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Oriongs

Motor Milk??

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Oriongs

OK, been thinking of trying some "Seafoam," motor milk on my 2002 Z-R chevy S-10, V6 4.3.  Have done some checking, with somewhat confusing results.  The major issue is oil usage.  No big deal really as usually 4-6 thousand miles during bear season.  Had the real seal replaced when the clutch was replaced.  Not leaking from the crankcase, or plug.  Leaves no oil stain on the floor.  Figure it is going out the tail pipe.  Otherwise starts good runs fine, mpg, so-so depending on how hard I push it.  Most miles on gravel, two tracks, etc.  180 degree thermo, power stearing, power  brakes, 5 speed manual.   So what has been others experience with Seafoam?

 

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MNice

Not sure about Seafoam but I'd try ATP AT-205 Re-Seal first. 

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dogrunner

How much oil is it using?  Try running a 10w-40 it don't burn off as easy. 

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BlacknTan

4.3?? Most probably valve stem seals. Easily replaced yourself. Take an old spark plug, remove porcelain and drill and tap, or weld in an air fitting. Hook to compressor for each cylinder.

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airmedic1

In my experience, you can't fix a mechanical problem with something from a can.  If a seal is leaking you MAY be able temporarily "swell" the seal to slow the leak but you can never really fix the problem from a product in a can.  If you could fix oil usage with a chemical from a can, mechanics would never overhaul engines.  You can try a higher viscosity oil as suggested such as 10w40 or a good 15w40. That might help as possibly could replacing the valve seals.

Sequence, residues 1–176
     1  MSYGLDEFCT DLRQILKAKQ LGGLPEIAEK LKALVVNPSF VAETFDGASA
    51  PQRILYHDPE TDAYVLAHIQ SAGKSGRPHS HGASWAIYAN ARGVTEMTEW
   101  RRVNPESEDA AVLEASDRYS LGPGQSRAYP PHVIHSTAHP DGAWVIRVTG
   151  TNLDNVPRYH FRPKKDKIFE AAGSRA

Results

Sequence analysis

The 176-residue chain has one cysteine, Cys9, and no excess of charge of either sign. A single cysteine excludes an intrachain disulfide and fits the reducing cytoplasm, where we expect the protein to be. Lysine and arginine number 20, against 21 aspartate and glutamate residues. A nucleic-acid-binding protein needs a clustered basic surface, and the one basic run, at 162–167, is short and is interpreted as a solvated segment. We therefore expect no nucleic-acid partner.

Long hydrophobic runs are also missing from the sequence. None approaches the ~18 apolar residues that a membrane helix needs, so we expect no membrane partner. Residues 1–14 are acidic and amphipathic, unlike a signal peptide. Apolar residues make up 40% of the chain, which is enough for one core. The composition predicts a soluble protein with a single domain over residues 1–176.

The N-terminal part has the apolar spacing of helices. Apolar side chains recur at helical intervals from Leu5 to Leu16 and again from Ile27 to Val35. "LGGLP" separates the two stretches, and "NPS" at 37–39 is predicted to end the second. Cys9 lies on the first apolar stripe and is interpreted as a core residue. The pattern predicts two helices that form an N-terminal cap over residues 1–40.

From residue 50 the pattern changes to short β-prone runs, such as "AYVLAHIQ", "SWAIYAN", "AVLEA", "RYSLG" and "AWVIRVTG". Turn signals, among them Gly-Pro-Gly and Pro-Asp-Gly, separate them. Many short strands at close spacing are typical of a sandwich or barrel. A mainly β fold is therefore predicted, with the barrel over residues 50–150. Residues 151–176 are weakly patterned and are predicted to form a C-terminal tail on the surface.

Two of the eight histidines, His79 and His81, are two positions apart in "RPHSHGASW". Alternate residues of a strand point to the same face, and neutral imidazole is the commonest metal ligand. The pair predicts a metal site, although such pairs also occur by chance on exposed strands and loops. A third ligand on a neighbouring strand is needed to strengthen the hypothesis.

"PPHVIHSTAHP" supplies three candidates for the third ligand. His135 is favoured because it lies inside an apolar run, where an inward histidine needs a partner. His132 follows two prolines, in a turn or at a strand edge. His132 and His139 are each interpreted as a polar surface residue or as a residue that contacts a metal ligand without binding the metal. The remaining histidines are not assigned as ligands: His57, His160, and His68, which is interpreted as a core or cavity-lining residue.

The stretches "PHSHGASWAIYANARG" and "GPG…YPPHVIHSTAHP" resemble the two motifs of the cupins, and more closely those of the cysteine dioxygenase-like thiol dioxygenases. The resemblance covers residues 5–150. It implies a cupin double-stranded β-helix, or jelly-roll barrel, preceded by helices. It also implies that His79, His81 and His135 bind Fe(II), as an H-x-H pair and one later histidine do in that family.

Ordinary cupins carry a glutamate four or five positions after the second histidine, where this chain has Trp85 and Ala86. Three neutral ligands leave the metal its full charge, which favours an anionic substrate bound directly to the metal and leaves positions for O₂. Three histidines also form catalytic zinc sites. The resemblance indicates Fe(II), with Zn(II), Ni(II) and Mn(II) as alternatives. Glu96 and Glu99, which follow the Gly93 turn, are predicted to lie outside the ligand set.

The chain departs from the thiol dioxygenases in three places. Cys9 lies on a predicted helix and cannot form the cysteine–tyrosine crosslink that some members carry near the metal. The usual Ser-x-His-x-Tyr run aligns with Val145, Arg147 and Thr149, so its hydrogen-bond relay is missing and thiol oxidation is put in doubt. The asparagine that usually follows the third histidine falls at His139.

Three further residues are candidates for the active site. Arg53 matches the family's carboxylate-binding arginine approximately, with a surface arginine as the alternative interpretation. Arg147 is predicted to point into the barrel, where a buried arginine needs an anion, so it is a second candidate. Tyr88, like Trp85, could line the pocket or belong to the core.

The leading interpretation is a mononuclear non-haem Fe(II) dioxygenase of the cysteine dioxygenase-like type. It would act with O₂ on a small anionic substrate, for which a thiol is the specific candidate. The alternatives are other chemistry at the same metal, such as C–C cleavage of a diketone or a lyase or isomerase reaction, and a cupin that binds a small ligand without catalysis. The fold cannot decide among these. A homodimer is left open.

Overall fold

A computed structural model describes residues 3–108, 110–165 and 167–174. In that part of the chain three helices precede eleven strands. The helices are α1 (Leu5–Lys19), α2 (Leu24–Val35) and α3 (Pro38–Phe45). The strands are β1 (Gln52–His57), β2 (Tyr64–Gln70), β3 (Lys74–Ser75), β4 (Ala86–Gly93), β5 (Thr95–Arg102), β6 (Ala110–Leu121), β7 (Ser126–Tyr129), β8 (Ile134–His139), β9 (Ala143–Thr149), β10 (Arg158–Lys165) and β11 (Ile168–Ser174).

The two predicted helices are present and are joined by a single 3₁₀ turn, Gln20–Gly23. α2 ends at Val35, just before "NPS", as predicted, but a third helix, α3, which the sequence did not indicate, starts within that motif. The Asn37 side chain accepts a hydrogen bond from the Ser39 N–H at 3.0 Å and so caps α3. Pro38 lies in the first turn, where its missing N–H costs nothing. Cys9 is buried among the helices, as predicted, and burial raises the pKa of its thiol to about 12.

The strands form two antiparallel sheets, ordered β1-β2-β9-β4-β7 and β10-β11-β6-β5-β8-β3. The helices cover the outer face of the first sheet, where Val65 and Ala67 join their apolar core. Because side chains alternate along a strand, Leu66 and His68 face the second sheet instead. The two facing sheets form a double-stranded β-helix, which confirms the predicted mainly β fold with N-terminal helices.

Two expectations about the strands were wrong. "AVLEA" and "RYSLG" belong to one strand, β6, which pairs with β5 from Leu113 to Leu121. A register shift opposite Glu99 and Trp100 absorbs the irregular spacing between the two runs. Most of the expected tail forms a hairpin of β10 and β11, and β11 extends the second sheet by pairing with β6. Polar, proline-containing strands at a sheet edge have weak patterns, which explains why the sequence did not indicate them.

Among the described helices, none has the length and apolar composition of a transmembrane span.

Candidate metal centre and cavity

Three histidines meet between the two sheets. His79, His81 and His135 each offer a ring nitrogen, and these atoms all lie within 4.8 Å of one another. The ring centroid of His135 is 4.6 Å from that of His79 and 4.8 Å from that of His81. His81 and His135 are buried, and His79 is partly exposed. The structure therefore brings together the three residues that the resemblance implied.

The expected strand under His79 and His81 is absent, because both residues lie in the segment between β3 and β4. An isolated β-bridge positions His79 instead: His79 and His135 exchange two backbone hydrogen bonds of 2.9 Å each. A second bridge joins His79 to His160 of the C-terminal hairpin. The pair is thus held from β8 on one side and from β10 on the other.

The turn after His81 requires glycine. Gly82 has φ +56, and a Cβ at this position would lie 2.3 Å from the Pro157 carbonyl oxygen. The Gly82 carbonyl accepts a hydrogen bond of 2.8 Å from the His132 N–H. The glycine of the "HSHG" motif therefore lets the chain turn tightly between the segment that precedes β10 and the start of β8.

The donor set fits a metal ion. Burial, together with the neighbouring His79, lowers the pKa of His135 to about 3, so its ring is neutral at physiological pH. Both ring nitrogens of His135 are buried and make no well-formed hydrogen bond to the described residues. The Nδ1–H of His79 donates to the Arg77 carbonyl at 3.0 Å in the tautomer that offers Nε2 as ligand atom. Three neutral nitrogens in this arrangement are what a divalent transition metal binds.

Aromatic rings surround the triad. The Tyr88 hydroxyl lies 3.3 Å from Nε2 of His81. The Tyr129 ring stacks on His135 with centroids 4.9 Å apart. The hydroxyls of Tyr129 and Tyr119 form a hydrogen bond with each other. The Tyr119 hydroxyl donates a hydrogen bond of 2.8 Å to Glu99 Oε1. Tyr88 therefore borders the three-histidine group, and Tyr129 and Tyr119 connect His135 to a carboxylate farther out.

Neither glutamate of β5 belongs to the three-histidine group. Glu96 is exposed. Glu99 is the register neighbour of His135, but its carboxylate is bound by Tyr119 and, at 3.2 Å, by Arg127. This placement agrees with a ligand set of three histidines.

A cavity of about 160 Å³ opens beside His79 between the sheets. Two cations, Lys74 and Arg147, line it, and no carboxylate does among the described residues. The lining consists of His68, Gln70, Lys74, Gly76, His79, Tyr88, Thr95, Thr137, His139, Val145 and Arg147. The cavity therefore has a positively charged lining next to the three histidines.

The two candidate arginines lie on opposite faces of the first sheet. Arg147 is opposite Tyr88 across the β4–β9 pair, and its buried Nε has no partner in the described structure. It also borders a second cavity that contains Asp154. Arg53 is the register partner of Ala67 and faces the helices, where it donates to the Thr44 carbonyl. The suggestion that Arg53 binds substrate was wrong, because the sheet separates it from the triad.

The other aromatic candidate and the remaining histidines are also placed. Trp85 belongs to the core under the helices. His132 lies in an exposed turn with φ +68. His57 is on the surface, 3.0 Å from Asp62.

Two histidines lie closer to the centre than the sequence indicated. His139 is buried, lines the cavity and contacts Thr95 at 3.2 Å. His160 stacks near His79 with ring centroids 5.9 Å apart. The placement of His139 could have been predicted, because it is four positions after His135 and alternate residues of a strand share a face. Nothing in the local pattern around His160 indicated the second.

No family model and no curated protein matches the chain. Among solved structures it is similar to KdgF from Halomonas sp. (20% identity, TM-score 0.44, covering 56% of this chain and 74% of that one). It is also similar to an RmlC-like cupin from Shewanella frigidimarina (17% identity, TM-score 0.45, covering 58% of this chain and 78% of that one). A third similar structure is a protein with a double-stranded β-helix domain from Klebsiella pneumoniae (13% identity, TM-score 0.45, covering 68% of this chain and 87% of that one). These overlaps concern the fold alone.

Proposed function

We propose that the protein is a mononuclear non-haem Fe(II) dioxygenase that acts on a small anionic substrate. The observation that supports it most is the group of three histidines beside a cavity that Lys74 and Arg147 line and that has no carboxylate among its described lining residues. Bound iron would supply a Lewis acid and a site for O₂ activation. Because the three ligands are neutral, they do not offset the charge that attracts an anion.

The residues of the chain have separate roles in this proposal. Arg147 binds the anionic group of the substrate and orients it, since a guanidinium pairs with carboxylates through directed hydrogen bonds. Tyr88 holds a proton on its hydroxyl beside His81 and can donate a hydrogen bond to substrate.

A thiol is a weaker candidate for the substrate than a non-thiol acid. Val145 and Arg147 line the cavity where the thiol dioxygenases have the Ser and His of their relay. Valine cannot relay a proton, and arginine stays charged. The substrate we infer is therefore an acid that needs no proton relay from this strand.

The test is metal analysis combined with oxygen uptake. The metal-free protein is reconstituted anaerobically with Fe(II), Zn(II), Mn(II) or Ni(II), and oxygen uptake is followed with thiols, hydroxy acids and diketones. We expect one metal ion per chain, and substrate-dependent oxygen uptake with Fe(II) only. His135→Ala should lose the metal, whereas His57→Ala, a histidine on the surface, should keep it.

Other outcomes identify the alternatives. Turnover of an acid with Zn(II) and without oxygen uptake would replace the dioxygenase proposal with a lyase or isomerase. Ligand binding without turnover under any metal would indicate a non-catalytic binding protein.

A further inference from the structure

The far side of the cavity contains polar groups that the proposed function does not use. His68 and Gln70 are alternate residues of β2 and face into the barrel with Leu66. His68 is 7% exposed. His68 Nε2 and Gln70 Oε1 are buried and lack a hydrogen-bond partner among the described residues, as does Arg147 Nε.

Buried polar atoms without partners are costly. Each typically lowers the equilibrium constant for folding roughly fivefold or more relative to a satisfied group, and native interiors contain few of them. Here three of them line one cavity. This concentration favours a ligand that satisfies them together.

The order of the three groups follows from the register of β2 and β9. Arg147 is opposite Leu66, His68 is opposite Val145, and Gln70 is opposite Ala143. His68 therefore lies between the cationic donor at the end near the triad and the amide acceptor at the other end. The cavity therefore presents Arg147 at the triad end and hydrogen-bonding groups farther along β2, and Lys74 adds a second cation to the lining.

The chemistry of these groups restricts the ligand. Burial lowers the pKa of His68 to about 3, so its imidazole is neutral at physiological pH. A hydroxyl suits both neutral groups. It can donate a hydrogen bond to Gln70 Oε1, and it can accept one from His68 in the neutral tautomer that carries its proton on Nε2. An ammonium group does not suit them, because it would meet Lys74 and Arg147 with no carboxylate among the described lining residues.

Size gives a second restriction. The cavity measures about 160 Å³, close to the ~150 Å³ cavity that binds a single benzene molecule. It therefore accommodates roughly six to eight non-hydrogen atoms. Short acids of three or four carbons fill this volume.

good luck

 

AM

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Rockdoc
3 hours ago, BlacknTan said:

4.3?? Most probably valve stem seals. Easily replaced yourself. Take an old spark plug, remove porcelain and drill and tap, or weld in an air fitting. Hook to compressor for each cylinder.

I've personally used this method myself and it works great. Another way is to fill the cylinder with stiff rope (such as kernmantle rope) via the spark plug hole and then rotate the engine by hand cranking so that the coiled rope is pushed up against the valves to hold them in place while the seals are installed. FWIW, I've never used the second method but I don't see any reason why it wouldn't work, you'd just have to be careful that the rope didn't knot inside the cylinder.

 

Steve

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Guest
4 hours ago, airmedic1 said:

In my experience, you can't fix a mechanical problem with something from a can.  If a seal is leaking you MAY be able temporarily "swell" the seal to slow the leak but you can never really fix the problem from a product in a can.  If you could fix oil usage with a chemical from a can, mechanics would never overhaul engines.  You can try a higher viscosity oil as suggested such as 10w40 or a good 15w40. That might help as possibly could replacing the valve seals.

good luck

 

AM

A 15w40 is most likely going to be rated as a diesel oil though. 

 

Otherwise I agree completely that something in a can is at best a bandaid. 

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dogrunner
6 hours ago, NECarson said:

A 15w40 is most likely going to be rated as a diesel oil though. 

 

Otherwise I agree completely that something in a can is at best a bandaid. 

Amsoil makes a 15-40 with gas/diesel specs also a 20-50 for certain motor applications.  Might be a bandaid but for that truck it might serve its purpose for now. 

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Guest
14 hours ago, dogrunner said:

Amsoil makes a 15-40 with gas/diesel specs also a 20-50 for certain motor applications.  Might be a bandaid but for that truck it might serve its purpose for now. 

Yeah... Schaffer and Brad Penn do as well I know. The average options at a parts store I'd be sure and check though. 

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Guest

Just struck me... They are all racing/performance oriented oils... 

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